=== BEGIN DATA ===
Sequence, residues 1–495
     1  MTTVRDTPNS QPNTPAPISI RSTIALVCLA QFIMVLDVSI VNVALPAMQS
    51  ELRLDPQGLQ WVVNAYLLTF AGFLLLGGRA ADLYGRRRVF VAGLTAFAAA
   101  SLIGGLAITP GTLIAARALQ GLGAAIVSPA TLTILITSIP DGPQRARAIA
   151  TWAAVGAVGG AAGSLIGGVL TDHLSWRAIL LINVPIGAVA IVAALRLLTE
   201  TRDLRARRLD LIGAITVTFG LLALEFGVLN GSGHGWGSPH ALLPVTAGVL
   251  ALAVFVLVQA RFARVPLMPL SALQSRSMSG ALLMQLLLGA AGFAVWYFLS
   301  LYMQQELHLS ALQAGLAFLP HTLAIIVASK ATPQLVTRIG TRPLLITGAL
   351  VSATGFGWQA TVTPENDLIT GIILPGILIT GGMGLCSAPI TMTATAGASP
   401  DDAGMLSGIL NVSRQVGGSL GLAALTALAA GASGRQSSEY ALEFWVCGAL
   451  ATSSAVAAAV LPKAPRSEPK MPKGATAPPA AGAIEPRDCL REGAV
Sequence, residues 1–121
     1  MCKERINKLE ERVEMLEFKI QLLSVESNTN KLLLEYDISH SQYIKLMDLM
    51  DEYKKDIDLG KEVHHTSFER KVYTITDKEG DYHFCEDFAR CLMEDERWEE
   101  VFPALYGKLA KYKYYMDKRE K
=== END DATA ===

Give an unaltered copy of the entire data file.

Sequence, residues 1–495
     1  MTTVRDTPNS QPNTPAPISI RSTIALVCLA QFIMVLDVSI VNVALPAMQS
    51  ELRLDPQGLQ WVVNAYLLTF AGFLLLGGRA ADLYGRRRVF VAGLTAFAAA
   101  SLIGGLAITP GTLIAARALQ GLGAAIVSPA TLTILITSIP DGPQRARAIA
   151  TWAAVGAVGG AAGSLIGGVL TDHLSWRAIL LINVPIGAVA IVAALRLLTE
   201  TRDLRARRLD LIGAITVTFG LLALEFGVLN GSGHGWGSPH ALLPVTAGVL
   251  ALAVFVLVQA RFARVPLMPL SALQSRSMSG ALLMQLLLGA AGFAVWYFLS
   301  LYMQQELHLS ALQAGLAFLP HTLAIIVASK ATPQLVTRIG TRPLLITGAL
   351  VSATGFGWQA TVTPENDLIT GIILPGILIT GGMGLCSAPI TMTATAGASP
   401  DDAGMLSGIL NVSRQVGGSL GLAALTALAA GASGRQSSEY ALEFWVCGAL
   451  ATSSAVAAAV LPKAPRSEPK MPKGATAPPA AGAIEPRDCL REGAV
Sequence, residues 1–121
     1  MCKERINKLE ERVEMLEFKI QLLSVESNTN KLLLEYDISH SQYIKLMDLM
    51  DEYKKDIDLG KEVHHTSFER KVYTITDKEG DYHFCEDFAR CLMEDERWEE
   101  VFPALYGKLA KYKYYMDKRE K